College Degrees are Still Worth the Investment

With unemployment hovering at 9 percent and college costs outpacing inflation, there is growing doubt about whether a college degree is worth the investment. Yet studies show that over the long term, college graduates fare better than high school graduates in many facets of life, ranging from career satisfaction to parenting skills.

The most commonly cited advantage of attending college is its impact on income. For 2008, the median salary of bachelor’s degree recipients working full-time year-round was $55,700, compared with $33,800 for a high school graduate, according to Education Pays 2010, a new report released by the College Board, the nonprofit association that administers the SAT.

Over the course of a 30-year career, college graduates earn about $400,000 more than high school graduates, according to a study conducted by PayScale for Bloomberg Businessweek. Yet beyond earnings, college graduates also have higher job satisfaction. The College Board report shows that about 58 percent of college graduates and individuals with some college education were very satisfied with their jobs, compared with 50 percent of high school graduates.

“People have to keep in mind that a college degree should be looked at as an investment rather than an expense,” says John Rooney, co-author of Preparing for College: Practical Advice for Students and Their Families (Ferguson Publishing, 2010). “An automobile is an expense. It depreciates over time. A college degree is an investment. It pays off over time.”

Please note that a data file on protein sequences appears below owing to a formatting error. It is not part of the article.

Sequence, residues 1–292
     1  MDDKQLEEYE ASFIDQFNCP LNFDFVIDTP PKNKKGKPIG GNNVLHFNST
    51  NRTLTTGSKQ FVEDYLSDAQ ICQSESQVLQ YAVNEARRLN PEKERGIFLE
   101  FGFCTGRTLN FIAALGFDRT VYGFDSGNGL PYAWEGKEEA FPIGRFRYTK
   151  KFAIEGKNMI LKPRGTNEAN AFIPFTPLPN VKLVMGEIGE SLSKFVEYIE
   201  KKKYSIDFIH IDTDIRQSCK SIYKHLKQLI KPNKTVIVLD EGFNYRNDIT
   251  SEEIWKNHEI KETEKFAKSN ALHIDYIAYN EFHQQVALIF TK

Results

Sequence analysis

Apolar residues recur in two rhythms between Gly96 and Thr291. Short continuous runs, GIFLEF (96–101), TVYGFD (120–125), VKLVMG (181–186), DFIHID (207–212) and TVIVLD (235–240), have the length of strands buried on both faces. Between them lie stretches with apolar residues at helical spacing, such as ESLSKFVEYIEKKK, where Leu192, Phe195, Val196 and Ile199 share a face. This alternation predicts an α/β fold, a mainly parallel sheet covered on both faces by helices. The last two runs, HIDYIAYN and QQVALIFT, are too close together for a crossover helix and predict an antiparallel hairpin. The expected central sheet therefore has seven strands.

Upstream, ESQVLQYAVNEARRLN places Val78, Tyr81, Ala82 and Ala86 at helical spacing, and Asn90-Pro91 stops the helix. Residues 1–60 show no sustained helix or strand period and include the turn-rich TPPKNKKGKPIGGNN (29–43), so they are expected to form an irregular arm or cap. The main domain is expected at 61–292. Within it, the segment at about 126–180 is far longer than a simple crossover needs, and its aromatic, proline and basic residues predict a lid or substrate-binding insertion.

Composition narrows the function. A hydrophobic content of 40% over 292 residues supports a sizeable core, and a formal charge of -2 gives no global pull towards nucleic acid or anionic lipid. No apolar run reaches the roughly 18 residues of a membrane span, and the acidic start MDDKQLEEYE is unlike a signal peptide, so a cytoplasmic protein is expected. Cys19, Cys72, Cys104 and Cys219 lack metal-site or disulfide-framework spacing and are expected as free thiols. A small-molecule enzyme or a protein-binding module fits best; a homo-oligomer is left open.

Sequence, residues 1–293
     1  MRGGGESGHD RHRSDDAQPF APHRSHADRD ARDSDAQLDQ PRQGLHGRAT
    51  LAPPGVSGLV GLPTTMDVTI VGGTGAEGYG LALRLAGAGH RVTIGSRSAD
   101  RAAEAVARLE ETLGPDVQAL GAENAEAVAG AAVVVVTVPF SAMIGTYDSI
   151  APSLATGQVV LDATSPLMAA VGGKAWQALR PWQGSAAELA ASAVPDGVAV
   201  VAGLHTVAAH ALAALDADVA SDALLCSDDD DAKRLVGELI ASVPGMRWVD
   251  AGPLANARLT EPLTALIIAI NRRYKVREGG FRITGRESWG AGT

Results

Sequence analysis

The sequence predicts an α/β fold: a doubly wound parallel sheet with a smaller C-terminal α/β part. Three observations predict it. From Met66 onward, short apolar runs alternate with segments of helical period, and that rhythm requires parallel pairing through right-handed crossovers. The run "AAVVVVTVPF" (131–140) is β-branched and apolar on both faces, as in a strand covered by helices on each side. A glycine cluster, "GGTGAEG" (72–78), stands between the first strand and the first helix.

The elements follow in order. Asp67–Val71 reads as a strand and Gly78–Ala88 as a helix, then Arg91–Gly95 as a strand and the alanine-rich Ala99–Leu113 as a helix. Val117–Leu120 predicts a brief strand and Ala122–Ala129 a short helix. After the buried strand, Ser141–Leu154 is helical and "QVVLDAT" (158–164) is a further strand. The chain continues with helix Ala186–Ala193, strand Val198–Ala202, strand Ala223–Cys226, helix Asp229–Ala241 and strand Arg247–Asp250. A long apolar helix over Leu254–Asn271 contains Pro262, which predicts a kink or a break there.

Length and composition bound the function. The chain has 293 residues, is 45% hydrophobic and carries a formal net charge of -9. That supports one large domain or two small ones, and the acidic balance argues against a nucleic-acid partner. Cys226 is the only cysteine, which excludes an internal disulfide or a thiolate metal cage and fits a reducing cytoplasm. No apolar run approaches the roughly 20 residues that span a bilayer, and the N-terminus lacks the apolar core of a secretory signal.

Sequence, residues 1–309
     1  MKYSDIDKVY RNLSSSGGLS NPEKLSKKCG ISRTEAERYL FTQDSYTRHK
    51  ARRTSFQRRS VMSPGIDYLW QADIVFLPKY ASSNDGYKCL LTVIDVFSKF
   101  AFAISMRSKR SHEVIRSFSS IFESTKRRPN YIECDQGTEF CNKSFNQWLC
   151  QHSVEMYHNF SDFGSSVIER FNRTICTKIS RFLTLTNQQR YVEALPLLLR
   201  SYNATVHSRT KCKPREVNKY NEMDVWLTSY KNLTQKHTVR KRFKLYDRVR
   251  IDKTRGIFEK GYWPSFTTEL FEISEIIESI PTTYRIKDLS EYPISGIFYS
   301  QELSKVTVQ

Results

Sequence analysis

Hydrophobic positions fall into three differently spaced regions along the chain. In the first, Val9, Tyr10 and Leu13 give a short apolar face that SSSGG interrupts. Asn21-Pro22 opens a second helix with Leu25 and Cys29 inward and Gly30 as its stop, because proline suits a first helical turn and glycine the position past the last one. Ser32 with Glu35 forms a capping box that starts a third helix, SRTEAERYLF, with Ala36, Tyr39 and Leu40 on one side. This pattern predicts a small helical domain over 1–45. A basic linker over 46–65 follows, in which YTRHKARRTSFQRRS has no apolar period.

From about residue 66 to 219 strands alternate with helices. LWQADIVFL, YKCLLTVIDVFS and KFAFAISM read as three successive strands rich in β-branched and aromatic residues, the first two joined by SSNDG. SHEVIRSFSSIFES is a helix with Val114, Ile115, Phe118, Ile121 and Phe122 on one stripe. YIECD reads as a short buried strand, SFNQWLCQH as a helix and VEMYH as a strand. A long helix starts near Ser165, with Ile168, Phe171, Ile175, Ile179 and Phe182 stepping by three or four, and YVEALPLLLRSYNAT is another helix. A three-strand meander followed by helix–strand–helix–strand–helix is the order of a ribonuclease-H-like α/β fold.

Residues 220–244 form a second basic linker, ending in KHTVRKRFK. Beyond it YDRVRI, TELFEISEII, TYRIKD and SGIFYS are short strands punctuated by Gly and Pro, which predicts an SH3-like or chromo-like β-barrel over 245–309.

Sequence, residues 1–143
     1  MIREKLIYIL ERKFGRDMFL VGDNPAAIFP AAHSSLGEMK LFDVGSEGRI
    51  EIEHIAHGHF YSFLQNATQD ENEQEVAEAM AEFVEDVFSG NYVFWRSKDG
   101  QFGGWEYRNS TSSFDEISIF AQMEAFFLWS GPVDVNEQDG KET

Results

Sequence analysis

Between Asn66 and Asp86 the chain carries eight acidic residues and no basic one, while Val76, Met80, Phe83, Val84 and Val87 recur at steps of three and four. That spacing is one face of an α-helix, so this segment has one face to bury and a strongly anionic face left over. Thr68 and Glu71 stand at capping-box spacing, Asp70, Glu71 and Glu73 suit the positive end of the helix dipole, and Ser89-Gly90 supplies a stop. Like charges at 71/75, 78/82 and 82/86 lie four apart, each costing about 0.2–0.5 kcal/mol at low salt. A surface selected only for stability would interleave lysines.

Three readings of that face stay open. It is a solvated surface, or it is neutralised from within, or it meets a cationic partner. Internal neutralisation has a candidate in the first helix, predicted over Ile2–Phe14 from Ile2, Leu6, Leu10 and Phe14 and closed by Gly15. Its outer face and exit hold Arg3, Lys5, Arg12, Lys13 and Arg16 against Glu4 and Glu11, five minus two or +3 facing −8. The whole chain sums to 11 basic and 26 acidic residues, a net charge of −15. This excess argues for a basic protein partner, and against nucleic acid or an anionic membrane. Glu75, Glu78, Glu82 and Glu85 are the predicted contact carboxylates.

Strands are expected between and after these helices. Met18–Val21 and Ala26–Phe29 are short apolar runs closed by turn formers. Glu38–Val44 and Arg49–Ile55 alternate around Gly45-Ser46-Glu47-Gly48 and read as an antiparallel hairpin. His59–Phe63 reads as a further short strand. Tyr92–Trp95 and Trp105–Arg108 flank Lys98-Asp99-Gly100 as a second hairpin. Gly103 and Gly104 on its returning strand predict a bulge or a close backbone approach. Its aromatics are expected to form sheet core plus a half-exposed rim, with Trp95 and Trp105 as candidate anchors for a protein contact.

In the labor market, college graduates have higher success in finding jobs and staying employed than high school graduates. In January 2011, the unemployment rate for individuals with a bachelor’s degree was 4.2 percent, while for high school graduates it was 9.4 percent, according to a U.S. Department of Labor report.

“The market is really getting tough,” says Steve Langerud, director of professional opportunities at DePauw University in Greencastle, Ind. “Attorneys are competing with people with bachelor’s degrees. The pool is a lot deeper. There are a lot of people who haven’t found jobs so they are applying for positions.”